Since ancient times, shepherds and flocks have looked for food moving from north to south within the Peninsula.
Since the thirteenth century, when the Honoured Council of the Mesta was created by King Alfonso X, a network
of cattle tracks was established in order to ensure the transport of Merino sheep and the usage of the pastures.
One of these cattle tracks is La Vizana, which linked the Summer pastures in Babia (province of León) with the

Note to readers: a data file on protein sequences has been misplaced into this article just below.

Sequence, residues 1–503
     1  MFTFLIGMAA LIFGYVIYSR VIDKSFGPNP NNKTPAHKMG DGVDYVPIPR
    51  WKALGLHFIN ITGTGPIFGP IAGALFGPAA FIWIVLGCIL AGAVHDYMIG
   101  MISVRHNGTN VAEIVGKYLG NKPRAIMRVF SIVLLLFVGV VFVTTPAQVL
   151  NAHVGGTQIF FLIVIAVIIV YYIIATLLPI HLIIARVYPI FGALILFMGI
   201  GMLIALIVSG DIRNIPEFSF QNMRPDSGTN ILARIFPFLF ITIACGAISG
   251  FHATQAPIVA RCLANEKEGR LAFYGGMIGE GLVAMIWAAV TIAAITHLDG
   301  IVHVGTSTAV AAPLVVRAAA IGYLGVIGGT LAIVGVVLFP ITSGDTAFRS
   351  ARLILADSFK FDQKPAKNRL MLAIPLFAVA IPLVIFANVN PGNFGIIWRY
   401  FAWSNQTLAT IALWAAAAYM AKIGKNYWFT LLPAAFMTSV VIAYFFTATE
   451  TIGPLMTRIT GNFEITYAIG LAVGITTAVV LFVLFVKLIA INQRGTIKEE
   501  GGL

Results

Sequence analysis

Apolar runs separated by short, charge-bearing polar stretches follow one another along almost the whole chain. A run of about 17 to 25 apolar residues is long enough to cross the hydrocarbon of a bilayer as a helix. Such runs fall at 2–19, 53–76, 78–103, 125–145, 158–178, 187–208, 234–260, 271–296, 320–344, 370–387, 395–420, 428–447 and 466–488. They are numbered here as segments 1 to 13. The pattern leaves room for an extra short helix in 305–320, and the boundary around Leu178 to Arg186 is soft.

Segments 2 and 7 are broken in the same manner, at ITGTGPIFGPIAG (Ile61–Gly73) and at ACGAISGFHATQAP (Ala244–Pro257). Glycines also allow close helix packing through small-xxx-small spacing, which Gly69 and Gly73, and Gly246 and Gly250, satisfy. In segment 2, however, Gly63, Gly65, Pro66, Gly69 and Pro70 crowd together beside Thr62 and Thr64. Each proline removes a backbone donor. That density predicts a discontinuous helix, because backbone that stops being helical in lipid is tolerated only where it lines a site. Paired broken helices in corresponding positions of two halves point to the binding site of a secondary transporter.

meadows in Trujillo (province of Cáceres).
This track happens to meet with the Vía de la Plata in some sections, although they have to be distinguished. The
Vía de la Plata was a fast, direct communication road between two important Roman cities (Astorga and Mérida);
the cattle track is a path, but it is also food for flocks, because sheep move slowly and must be feeded during the
Thus, the cattle track has to provide food for huge flocks of more than a thousand sheep; that is why the track is
75 metres wide. From the main track, some smaller branches and paths leaded to other regions (37 and 20 metres